This action, therefore, despite its personal dimensions that are known, was not a personal choice but a political one. It was a step in the path to Revolution. The same goes for every action I have carried out and for every action I will make in the future. These are links in a chain of revolutionary planning aimed to create more favourable political and social conditions, for broadening and strengthening revolutionary struggle. Below I will refer to the political basis of this choice; but first I have to talk about facts, and the way I have operated until now in regard to some of these facts.
As I previously mentioned, every action I carry out concerns an act related to political planning. In the same context, I expropriated a branch of Piraeus Bank on the premises of Sotiria Hospital in Athens last June . With this money, in addition to my survival in “clandestinity”, I secured the organising of my action and financing of the operation for the liberation of Nikos Maziotis and other political prisoners from Koridallos women’s prisons. The reason I refer to this expropriation (I couldn’t care less about the penal consequences of this admittance) is because, at this time, I consider it absolutely necessary to disclose how I operate in regard to the safety of civilians, who in certain circumstances happen to be present in revolutionary actions I am involved in, and my perspective about this issue on the occasion – always mutatis mutandis – of the prison escape attempt.
In the case of the expropriation of Piraeus Bank branch, what I mentioned to the bank clerks when we walked into the bank was that they should not press the alarm button, because this would endanger their own safety, since I wasn’t willing to leave the bank without the money. I did not threaten them, nor would they ever be in danger because of me. They would only be in danger because of the police, if cops arrived at the spot and we subsequently had an armed clash. And the police would only arrive if any clerks pressed the bank alarm. This was a development which they themselves wanted to avoid. Because people who happen to be present in every such action are not afraid of those trying to expropriate, but instead the police intervening. Besides, it’s really stupid for anyone to attempt to defend money belonging to bankers. And for the record, when a female clerk told me “we ourselves are also poor people,” I suggested to her that we step over to a “blind” spot, where cameras can’t see us, to let her have 5,000 euros, which she did not accept, apparently out of fear. If she had accepted the money, she can be sure I would not speak publicly about it. And one detail: what I was holding was a medical apron to conceal my gun while waiting outside the bank; it was not a towel(!), as mentioned several times.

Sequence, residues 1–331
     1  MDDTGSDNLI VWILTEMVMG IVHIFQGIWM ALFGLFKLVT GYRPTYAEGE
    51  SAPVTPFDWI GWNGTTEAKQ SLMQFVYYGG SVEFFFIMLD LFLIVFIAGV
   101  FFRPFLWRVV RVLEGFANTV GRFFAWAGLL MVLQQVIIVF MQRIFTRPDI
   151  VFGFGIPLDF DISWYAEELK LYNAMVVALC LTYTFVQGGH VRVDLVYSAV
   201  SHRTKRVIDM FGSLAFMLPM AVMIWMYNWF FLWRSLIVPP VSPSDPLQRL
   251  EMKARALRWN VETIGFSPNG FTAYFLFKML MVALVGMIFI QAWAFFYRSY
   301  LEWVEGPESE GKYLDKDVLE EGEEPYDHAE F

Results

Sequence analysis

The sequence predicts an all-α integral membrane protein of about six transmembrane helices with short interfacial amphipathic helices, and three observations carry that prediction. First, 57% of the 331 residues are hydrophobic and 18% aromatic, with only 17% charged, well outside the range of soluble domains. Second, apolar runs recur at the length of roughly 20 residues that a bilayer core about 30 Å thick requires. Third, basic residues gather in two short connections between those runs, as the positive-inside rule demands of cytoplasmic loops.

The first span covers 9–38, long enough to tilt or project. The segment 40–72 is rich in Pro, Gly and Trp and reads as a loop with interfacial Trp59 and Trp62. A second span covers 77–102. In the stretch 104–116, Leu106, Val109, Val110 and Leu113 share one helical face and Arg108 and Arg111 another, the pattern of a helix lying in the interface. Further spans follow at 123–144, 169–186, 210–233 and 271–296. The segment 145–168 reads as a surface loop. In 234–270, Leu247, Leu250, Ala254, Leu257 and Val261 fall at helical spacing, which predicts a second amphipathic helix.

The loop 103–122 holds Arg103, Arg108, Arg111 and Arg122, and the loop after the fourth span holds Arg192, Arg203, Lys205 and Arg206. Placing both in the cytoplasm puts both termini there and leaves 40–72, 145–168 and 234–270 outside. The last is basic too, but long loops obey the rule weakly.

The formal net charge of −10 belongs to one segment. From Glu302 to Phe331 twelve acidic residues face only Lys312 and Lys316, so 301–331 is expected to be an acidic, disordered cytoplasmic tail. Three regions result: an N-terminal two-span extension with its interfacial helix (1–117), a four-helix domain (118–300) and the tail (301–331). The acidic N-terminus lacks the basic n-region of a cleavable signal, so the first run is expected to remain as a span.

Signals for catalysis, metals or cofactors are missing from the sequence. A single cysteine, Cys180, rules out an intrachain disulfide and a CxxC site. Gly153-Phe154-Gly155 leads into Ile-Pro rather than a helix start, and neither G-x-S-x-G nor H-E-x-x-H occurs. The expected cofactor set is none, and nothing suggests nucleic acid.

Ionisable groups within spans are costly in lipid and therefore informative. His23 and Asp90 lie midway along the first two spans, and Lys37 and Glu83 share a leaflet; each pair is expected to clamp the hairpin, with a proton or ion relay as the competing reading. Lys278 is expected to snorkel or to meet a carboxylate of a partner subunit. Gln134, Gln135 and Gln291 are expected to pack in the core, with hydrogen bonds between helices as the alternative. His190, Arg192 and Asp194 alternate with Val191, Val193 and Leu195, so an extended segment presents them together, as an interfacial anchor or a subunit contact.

In every period of time, in the struggle for Revolution – as is also the case in all wars – at times the revolutionaries are obliged to seek the assistance of civilians in their fight. The historical examples are too many – an attempt to document them would fill an entire book, and this isn’t the time to expand on the matter – both in Greece and in armed movements and organisations in other countries. In such cases, however, we essentially ask them to take sides in a war. Once someone refuses to assist, their stance is not just about the particular practice, but an overall hostile stance against the struggle. They endanger or cancel undertakings, they put the lives of fighters in danger, they throw obstacles in the way of a revolutionary process. They take a position against a social and class war.
Neither at Piraeus Bank branch nor during the attempted helicopter escape did I make my identity known. Therefore, no one involved in these cases knew that those were political actions. But after the failed escape attempt, and given that – as I already mentioned – I had the opportunity to kill the pilot but I didn’t, risking my own life, I have to make the following public: from now on, whenever I need the assistance of civilians again, and if I deem it necessary, I will make my identity known from the outset. Since my mission in any case concerns the promotion of the struggle for overthrowing the criminal establishment, let everyone know that any possible refusal of cooperating and effort of obstructing the action will be treated accordingly.
I am, of course, aware of the personal details of the pilot, but I did not threaten his family. I would never threaten families and children.
This is my balance sheet after the escape attempt, one I must make public.
THE PRISON ESCAPE OPERATION WAS A REVOLUTIONARY CHOICE
I ATTEMPTED THE PRISON ESCAPE FOR SOCIAL REVOLUTION
ALL MY LIFE I STRUGGLE FOR SOCIAL REVOLUTION
I WILL CONTINUE TO STRUGGLE FOR SOCIAL REVOLUTION
member of Revolutionary Struggle
[Greece] Open letter of Pola Roupa about the attempt to break Nikos Maziotis out of Koridallos prison